Pope Francis says "May everyone discover the freedom of the Gospel, gradually entering into the relationship with God, with the trust..." FULL TEXT to Religious



(12-15 SEPTEMBER 2021)



St. Martin's Cathedral (Bratislava)
Monday, 13 September 2021



Dear Brother Bishops,
Dear Priests, Religious, Religious and Seminarians,
Dear Catechists, Sisters and Brothers, Good morning!

I greet you with joy and thank Archbishop Stanislav Zvolenský for the words he addressed to me. Thank you for the invitation to feel at home: I come as your brother and therefore I feel one of you. I am here to share your journey - this is what the bishop, the Pope must do -, your questions, the expectations and the hopes of this Church and this country. 
And speaking of the country, I just told the Madam President that Slovakia is a poem! 
Sharing was the style of the first Christian community: they were assiduous and in agreement, they walked together (cf. 
Acts 1 : 12-14). They argued as well, but they walked together.

It is the first thing we need: a Church that walks together, that walks the roads of life with the torch of the Gospel lit. The Church is not a fortress, it is not a potentate, a castle located high up that looks at the world with distance and sufficiency. Here in Bratislava the castle already exists and it is very beautiful! But the Church is the community that wishes to draw to Christ with the joy of the Gospel - not the castle! -, it is the yeast that ferments the Kingdom of love and peace inside the dough of the world. Please don't give in to the temptation of magnificence, of worldly grandeur! The Church must be humble like Jesus was, who emptied himself of everything, who made himself poor to enrich us (cf. 2 Cor 8 : 9): thus he came to dwell among us and to heal our wounded humanity.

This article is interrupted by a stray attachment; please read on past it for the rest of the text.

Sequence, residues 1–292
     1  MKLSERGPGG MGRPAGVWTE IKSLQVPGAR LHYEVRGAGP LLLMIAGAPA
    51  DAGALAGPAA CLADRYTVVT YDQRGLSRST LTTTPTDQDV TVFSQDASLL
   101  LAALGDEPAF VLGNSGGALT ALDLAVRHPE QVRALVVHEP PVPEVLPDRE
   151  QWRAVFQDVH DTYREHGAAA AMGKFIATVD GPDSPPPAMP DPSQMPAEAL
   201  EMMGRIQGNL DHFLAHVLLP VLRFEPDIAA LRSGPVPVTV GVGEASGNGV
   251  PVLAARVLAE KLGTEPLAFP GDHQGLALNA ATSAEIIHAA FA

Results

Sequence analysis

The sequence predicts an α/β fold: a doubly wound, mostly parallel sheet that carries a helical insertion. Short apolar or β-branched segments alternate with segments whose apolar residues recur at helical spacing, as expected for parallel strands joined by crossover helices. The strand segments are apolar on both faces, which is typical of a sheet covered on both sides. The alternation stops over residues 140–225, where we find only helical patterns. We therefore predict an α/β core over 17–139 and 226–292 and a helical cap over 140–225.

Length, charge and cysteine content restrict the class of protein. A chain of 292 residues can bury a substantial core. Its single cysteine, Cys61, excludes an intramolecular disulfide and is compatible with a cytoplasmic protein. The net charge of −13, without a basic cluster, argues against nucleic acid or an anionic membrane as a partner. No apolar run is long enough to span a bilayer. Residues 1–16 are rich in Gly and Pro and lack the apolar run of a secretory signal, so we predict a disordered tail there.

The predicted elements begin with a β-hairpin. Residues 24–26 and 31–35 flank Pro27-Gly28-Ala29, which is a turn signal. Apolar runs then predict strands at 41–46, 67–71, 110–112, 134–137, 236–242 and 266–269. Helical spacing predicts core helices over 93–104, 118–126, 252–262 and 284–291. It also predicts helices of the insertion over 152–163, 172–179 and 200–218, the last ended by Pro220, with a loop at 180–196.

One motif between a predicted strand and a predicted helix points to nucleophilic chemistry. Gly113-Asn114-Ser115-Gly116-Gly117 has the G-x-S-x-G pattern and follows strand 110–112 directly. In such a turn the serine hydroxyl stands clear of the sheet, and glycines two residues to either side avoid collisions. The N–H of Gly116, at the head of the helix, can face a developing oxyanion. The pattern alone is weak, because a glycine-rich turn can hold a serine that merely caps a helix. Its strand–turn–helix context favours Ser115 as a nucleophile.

Behold, a humble Church is beautiful which does not separate itself from the world and does not look at life with detachment, but lives within it . Living inside, let's not forget: sharing, walking together, welcoming people's questions and expectations. This helps us to come out of self-referentiality: the center of the Church… Who is the center of the Church? It is not the Church! And when the Church looks at herself, she ends up as the woman of the Gospel: bent over herself, looking at her navel ( cf.Lk13.10-13). The center of the Church is not itself. We get out of the excessive concern for ourselves, for our structures, for how society looks at us. And this will ultimately lead us to a "makeup theology"… How do we put on better makeup… Let's immerse ourselves instead in real life, the real life of people and ask ourselves: what are the spiritual needs and expectations of our people? What do you expect from the Church? It seems important to me to try to answer these questions and three words come to mind.

The first is freedom . Without freedom there is no true humanity, because the human being was created free and to be free. The dramatic periods in your country's history are a great lesson: when freedom was wounded, violated and killed, humanity was degraded and the storms of violence, coercion and deprivation of rights fell.

At the same time, however, freedom is not an automatic conquest, which remains such once and for all. No! Freedom is always a journey, sometimes tiring, to be continually renewed, to fight for it every day. It is not enough to be free on the outside or in the structures of society to really be free. Freedom calls in the first person to be responsible for one's choices, to discern, to carry out the processes of life. And this is tiring, this scares us. Sometimes it is more convenient not to let oneself be provoked by concrete situations and to go on repeating the past, without putting the heart into it, without the risk of choice: it is better to carry on life doing what others - perhaps the mass or public opinion or the things that they sell us the media- they decide for us. This is not good. And today many times we do the things that the media decidefor us. And freedom is lost. Let us recall the history of the people of Israel: he suffered under the tyranny of the pharaoh, he was a slave; then he is freed by the Lord, but to become truly free, not only freed from enemies, he must cross the desert, a tiring journey. And one would think: “It was almost almost better before, at least we had some onions to eat…”. A great temptation: better some onions than fatigue and the risk of freedom. This is one of the temptations. Yesterday, speaking to the ecumenical group, I remembered Dostoevsky with “The great inquisitor”. Christ secretly returns to earth and the inquisitor reproaches him for having given freedom to men. A little bread and a little something is enough; a little bread and something else is enough. Always this temptation, the temptation of onions. Better a little onions and bread than the effort and the risk of freedom. I leave it up to you to think about these things.